12. 12. 12 | M a r k e t e x pa ns ion s e rvic e s r e p ort support. Their business models are based on services "Market expansion services providers that typically involve close interaction with customers need to be much more than distributors. and help address specific local needs. They must take real responsibility for As companies enter new markets or grow their existing our products in the market." ones, MES providers organize and run their entire value chain for almost any product. This unique value proposition makes them an integral part of any expansion effort. In todays increasingly globalized world, it requires Manager Asia Pacific, large German consumer goods company little imagination to appreciate that their role is about to become even more important. Market expansion services and outsourcing MES providers help companies find their way through the Traditional outsourcing can be broken down into three labyrinth of local practices and conditions when entering categories: new markets or expanding in existing ones. Roland 1. Business process outsourcing (BPO) – Outsourcing Bergers interviews with more than 100 experts show specific business processes such as payroll manage- that the challenges appear to be similar across different ment industries and geographic regions. At the top of the list are 2. Information technology outsourcing (ITO) – Out- peculiarities in local regulatory and legal systems, cultural sourcing IT-related processes such as IT maintenance differences, local languages, difficulties in accessing local services, software development, and testing customers, and the lack of local market knowledge. Such 3. Knowledge process outsourcing (KPO) – Outsourcing situations are in some industries aggravated by the fact research, analytical tasks and services in the area of that would-be exporters are unfamiliar with domestic market, legal or clinical research infrastructures and face massive competition from local incumbents. Conventional outsourcing providers generally focus on one or more of these categories. Their value proposition These challenges can be tackled in many different ways. is that they can perform the processes in question more The specific solution depends on the size of the company efficiently. Whatever the case, they specifically aim to involved, the geographic markets it covers and the reduce the costs of their clients (see Figure 2). industry in which it operates (see Chapter C for a more detailed analysis). MES, by contrast, occupy the premium position in the outsourcing landscape by reducing costs and improving Many companies simply do not have the internal skills revenues. Their purpose is to enhance clients access to or resources to build up their own operations in globally new markets and help them to better exploit existing distributed markets. Moreover, they are mostly unwilling markets. In so doing, they focus on front-end processes to bear the full risk of such a venture. This is where the (such as marketing and sales or customer services) that strengths of MES providers come into play. Their value are highly interactive. As a result, clients can increase proposition is to help companies expand into new market share, penetration and coverage while reducing markets and develop existing business abroad. They fixed costs and operational complexity. In this way, MES provide integrated front-end processes in marketing and providers add substantially more value than traditional sales, logistics and distribution, customer service and outsourcing organizations.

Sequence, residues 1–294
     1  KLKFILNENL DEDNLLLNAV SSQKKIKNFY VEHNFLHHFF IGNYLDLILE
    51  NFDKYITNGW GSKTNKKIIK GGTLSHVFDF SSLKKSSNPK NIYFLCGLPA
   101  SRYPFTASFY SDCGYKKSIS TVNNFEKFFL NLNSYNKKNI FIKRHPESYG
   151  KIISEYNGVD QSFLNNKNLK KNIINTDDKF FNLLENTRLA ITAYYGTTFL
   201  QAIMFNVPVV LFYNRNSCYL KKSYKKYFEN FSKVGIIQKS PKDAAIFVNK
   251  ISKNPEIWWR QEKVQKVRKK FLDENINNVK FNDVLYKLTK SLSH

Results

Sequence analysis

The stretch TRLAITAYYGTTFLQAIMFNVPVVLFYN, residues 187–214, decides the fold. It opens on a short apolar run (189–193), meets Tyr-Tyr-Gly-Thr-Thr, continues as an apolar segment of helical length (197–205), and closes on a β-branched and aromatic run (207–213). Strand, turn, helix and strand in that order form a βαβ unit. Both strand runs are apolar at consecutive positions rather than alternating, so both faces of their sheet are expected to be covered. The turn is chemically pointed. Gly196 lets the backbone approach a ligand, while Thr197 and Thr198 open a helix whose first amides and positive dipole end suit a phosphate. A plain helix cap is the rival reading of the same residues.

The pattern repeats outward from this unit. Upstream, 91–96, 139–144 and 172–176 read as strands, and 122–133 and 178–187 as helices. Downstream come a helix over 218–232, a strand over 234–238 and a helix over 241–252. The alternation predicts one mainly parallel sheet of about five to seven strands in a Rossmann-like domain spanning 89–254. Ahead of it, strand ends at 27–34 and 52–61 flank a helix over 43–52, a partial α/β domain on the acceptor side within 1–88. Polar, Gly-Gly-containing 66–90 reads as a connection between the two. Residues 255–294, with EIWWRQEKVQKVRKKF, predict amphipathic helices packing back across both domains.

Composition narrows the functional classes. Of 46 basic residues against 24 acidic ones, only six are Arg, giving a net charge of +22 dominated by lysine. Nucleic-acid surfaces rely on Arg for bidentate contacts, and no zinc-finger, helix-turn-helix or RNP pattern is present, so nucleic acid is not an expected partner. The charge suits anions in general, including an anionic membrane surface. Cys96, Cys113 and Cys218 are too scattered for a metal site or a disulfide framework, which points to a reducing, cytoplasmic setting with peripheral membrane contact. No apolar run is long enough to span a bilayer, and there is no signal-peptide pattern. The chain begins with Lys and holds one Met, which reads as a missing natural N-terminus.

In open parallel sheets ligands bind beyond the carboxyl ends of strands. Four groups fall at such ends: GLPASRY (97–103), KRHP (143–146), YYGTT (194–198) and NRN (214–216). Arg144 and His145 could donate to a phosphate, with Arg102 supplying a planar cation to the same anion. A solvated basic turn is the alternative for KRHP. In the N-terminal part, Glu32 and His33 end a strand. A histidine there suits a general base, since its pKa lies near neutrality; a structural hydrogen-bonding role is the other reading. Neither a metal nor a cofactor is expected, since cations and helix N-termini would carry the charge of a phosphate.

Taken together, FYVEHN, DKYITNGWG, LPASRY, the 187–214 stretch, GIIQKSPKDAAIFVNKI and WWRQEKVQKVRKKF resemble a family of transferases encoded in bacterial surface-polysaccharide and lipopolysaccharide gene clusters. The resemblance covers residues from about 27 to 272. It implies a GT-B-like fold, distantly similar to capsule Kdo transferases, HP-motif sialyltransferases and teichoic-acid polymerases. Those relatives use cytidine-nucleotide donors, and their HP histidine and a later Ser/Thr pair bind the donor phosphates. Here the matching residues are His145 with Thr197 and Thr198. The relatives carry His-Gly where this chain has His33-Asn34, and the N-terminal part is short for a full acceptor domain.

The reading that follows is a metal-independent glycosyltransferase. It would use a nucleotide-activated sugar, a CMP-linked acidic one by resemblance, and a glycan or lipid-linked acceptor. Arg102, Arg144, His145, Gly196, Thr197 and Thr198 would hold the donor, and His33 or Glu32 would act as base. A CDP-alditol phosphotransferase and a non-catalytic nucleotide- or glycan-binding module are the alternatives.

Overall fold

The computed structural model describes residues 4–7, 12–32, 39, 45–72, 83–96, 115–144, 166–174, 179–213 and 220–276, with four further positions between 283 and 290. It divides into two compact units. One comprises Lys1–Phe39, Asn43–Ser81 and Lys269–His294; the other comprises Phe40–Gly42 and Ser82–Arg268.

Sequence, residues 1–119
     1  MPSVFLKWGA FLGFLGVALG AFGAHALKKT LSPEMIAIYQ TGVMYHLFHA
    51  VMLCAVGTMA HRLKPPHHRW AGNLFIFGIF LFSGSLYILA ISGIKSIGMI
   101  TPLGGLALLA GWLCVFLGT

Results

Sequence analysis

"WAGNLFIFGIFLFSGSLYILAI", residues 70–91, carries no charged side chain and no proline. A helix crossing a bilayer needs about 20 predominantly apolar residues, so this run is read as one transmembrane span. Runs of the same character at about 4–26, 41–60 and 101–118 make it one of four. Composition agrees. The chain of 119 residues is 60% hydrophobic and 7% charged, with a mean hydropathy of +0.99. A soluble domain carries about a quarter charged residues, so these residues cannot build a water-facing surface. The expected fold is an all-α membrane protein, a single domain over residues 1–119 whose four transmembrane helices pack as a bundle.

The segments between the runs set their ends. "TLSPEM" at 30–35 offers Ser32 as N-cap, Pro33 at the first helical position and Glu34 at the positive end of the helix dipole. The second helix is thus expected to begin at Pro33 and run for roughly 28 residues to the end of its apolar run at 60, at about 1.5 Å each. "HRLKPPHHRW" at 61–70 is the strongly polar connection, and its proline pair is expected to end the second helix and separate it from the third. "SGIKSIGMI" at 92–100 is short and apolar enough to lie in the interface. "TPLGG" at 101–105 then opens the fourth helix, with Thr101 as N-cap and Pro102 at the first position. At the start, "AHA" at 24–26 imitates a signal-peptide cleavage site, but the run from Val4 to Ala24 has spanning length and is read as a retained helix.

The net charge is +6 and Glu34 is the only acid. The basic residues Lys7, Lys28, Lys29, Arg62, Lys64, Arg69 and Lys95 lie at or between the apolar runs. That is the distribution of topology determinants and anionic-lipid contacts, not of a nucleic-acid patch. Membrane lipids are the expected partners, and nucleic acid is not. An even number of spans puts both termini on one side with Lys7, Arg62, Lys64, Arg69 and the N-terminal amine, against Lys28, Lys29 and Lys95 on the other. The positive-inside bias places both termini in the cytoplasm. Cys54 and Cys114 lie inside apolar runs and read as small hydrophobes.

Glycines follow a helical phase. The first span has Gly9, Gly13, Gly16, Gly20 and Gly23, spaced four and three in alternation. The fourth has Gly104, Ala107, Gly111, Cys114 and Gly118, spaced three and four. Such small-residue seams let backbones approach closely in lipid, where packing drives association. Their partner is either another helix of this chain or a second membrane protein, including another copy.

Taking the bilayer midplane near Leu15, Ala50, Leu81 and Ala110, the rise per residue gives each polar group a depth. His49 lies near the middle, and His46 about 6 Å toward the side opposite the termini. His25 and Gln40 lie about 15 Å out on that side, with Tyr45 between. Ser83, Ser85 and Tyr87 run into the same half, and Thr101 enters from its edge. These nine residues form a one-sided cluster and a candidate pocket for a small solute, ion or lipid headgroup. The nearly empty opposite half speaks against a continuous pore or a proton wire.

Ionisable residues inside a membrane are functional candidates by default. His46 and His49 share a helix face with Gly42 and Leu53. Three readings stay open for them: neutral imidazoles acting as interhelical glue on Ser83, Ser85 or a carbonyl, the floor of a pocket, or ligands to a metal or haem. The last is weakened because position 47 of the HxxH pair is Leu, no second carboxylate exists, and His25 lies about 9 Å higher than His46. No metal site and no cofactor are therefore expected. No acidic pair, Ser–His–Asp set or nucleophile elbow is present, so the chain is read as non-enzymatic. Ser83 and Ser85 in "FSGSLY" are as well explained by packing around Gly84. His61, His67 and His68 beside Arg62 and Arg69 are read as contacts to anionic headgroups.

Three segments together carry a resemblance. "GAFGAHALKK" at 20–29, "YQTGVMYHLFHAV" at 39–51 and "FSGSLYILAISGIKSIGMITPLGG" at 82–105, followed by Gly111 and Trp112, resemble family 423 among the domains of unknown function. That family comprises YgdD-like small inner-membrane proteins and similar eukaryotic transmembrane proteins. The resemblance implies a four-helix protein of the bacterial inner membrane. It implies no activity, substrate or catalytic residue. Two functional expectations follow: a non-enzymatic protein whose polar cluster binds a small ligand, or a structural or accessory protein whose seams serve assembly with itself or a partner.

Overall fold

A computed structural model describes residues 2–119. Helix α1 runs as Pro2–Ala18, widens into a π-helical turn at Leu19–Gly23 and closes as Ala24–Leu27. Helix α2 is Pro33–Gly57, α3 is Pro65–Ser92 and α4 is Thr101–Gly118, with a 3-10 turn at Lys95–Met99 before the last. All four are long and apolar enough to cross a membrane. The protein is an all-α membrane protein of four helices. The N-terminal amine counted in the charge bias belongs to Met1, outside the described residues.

13. 13. MA rk et ex pA n sion serV iCes | 13b. M a r k e t e x Pa n s i o n s e rv i c e sComprehensive end-to-end solutions along the value chain Strategic support in market entry and development research and logistics and customer service Marketing sales analysis distribution and support > Market research > promotion > B2B and B2c > importation > installation and > Market entry management sales > warehousing commissioning studies > public relations > key account > stock > customer > applications re- > product management management service, technical search and support management > product training > invoicing, cash support > testing > Brand building > order taking and collection > repairs and processing > transportation maintenance > stock reporting and delivery and planning > product packaging single service single service single service single service single service contractor 1 contractor 2 contractor 3 contractor 4 contractor 5 Backflow of information from customers to clients Market expansion services providerFigure 3: Market expansion services along the value chain Why market expansion services? "We aim to have the best market MES providers help companies grow their business in new expansion services provider in each and existing markets. They make it easier for partners to gain market knowledge, enlarge their sourcing base and country. But having a single partner for tap into revenue opportunities, thereby helping them increase their share of the market. They can pave the way an entire region helps us reduce to geographic expansion. Unlike traditional outsourcing complexity and cost significantly." providers, they help companies with primary or front- end business processes that involve a substantial level of direct customer contact. CEO, large North American technology company Examples include marketing and sales, logistics and distribution, and customer services. These activities are predominantly driven by the specific local needs (e.g. cultural factors, regulatory requirements) that companies have to take into account when they enter new markets. There are also industry-specific services, such as scouting for suppliers or testing products in